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Henry Box Brown, b. 1816
Narrative of the Life of Henry Box Brown, Written by Himself
Manchester: Printed by Lee and Glynn, 1851.


Henry Box Brown was born a slave in 1816 in Louisa County, Virginia and lived there for thirty-three years. After a childhood of relative ease, he was bequeathed to his master's son, who sent him to work in his tobacco factory under the authority of an unfair, hypocritical overseer. Although his experiences in slavery were comparatively mild, and he was not subjected to physical violence, Brown was not content to be a slave. Brown demonstrates that slavery was still unbearable even under the best of conditions. His wife and children were taken from him and sold to North Carolina, where they remained at the time he wrote his narrative. Following the sale of his family, Brown decided to escape. He had himself sealed in a small wooden box and shipped to friends and freedom in Philadelphia. He later settled in Massachusetts and traveled around the northern states speaking against slavery. Eventually, he was forced to seek asylum in Great Britain, because of the Fugitive Slave Law. Henry Box Brown's Narrative, as told to Charles Stearns, was published in 1849 to raise funds so Brown could purchase freedom for his wife and children. It concludes with an essay by Charles Stearns entitled "Cure for the Evil of Slavery." This first English edition of his narrative was published in 1851.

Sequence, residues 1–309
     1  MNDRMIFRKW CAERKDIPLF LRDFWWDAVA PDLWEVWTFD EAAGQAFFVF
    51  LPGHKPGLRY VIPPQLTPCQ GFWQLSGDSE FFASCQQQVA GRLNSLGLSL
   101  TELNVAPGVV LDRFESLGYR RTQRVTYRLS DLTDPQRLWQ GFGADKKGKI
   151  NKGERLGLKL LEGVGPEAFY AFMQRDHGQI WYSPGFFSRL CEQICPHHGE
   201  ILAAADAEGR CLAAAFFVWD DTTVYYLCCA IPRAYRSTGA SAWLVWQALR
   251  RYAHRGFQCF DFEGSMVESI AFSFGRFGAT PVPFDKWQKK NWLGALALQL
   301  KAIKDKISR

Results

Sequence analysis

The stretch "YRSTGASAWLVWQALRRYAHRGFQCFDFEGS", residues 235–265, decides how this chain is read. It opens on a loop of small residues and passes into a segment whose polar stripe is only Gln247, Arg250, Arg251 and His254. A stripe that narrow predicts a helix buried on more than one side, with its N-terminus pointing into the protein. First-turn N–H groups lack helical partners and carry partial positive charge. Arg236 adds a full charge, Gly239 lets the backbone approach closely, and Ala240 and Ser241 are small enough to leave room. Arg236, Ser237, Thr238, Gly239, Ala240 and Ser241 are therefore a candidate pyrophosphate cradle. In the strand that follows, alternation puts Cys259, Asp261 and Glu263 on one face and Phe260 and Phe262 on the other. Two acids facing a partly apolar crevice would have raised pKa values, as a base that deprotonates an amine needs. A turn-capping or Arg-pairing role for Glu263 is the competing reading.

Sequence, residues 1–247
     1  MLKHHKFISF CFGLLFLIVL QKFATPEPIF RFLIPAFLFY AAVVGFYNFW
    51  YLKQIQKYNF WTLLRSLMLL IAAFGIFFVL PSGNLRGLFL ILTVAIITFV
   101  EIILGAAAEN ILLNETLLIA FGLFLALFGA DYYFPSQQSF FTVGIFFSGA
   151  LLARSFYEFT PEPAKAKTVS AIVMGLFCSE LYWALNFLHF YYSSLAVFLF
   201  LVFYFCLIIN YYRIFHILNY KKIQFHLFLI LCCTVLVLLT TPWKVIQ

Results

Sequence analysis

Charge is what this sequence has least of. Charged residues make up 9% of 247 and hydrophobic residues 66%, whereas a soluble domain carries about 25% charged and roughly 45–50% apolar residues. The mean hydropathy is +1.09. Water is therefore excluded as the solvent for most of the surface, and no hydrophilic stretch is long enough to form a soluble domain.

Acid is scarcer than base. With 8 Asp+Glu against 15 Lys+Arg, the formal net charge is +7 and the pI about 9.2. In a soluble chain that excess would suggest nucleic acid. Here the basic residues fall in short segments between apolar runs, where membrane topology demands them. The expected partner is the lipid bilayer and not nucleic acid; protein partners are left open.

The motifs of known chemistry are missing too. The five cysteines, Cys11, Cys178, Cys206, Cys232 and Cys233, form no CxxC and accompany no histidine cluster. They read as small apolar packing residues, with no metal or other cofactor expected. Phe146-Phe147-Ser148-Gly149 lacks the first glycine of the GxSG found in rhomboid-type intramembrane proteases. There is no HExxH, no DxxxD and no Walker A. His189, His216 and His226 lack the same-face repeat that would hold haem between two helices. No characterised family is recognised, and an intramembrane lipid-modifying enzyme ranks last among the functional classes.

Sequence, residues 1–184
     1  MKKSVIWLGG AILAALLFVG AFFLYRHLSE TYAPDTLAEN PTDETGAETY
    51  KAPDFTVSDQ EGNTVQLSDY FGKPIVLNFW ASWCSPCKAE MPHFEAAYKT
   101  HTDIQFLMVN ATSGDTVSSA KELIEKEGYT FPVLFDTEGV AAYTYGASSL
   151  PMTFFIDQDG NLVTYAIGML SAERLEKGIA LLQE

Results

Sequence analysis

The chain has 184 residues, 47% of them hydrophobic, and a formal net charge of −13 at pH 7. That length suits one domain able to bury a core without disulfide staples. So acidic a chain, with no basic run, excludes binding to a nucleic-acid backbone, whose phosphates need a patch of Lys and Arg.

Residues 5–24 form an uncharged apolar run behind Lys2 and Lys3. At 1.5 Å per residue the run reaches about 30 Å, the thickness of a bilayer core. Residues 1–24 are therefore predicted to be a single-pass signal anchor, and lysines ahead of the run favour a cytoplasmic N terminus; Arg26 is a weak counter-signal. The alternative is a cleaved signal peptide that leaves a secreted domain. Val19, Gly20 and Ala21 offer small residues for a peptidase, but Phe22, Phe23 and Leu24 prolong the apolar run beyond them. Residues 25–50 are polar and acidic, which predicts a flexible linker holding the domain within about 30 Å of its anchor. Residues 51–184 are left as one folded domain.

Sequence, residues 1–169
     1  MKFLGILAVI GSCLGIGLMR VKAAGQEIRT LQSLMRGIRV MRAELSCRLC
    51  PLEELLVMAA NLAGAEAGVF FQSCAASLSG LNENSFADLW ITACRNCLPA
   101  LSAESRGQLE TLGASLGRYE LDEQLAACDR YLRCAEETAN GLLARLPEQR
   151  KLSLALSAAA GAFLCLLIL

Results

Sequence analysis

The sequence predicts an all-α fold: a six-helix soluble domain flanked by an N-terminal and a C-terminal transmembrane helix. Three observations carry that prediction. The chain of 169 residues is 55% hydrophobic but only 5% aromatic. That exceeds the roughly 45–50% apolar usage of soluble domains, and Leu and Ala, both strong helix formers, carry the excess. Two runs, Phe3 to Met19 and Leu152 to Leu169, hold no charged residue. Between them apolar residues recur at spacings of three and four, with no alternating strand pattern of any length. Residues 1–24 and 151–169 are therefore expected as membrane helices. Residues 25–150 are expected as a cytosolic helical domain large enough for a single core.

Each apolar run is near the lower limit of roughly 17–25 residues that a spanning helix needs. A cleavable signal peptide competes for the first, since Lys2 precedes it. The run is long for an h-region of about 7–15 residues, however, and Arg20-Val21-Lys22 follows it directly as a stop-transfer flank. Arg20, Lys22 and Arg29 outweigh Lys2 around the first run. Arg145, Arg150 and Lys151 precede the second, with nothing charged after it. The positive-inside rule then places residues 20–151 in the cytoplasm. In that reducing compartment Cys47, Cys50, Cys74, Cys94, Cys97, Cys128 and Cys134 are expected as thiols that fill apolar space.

Monique Prince

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